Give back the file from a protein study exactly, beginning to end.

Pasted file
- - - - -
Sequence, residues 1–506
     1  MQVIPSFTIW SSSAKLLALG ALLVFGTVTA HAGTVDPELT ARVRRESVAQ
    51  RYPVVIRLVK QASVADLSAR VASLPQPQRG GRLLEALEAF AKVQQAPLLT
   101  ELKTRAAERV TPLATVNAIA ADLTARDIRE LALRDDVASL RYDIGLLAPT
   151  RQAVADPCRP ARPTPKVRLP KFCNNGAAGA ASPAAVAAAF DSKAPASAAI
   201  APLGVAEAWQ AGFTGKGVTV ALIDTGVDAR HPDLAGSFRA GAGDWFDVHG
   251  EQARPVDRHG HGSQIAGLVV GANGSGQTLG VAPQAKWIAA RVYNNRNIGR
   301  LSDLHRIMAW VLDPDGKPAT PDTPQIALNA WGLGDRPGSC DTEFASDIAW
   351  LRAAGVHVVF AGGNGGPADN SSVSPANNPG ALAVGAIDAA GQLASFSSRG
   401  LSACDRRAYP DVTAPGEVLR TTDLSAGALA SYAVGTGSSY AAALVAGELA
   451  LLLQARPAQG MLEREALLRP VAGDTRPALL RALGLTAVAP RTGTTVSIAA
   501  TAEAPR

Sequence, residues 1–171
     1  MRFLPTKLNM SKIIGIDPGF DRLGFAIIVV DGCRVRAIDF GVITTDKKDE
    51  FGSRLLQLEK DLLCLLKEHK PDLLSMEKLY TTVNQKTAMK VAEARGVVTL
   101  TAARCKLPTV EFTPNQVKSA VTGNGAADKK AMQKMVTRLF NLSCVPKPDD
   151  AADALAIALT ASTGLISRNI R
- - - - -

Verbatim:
Sequence, residues 1–506
     1  MQVIPSFTIW SSSAKLLALG ALLVFGTVTA HAGTVDPELT ARVRRESVAQ
    51  RYPVVIRLVK QASVADLSAR VASLPQPQRG GRLLEALEAF AKVQQAPLLT
   101  ELKTRAAERV TPLATVNAIA ADLTARDIRE LALRDDVASL RYDIGLLAPT
   151  RQAVADPCRP ARPTPKVRLP KFCNNGAAGA ASPAAVAAAF DSKAPASAAI
   201  APLGVAEAWQ AGFTGKGVTV ALIDTGVDAR HPDLAGSFRA GAGDWFDVHG
   251  EQARPVDRHG HGSQIAGLVV GANGSGQTLG VAPQAKWIAA RVYNNRNIGR
   301  LSDLHRIMAW VLDPDGKPAT PDTPQIALNA WGLGDRPGSC DTEFASDIAW
   351  LRAAGVHVVF AGGNGGPADN SSVSPANNPG ALAVGAIDAA GQLASFSSRG
   401  LSACDRRAYP DVTAPGEVLR TTDLSAGALA SYAVGTGSSY AAALVAGELA
   451  LLLQARPAQG MLEREALLRP VAGDTRPALL RALGLTAVAP RTGTTVSIAA
   501  TAEAPR

Sequence, residues 1–171
     1  MRFLPTKLNM SKIIGIDPGF DRLGFAIIVV DGCRVRAIDF GVITTDKKDE
    51  FGSRLLQLEK DLLCLLKEHK PDLLSMEKLY TTVNQKTAMK VAEARGVVTL
   101  TAARCKLPTV EFTPNQVKSA VTGNGAADKK AMQKMVTRLF NLSCVPKPDD
   151  AADALAIALT ASTGLISRNI R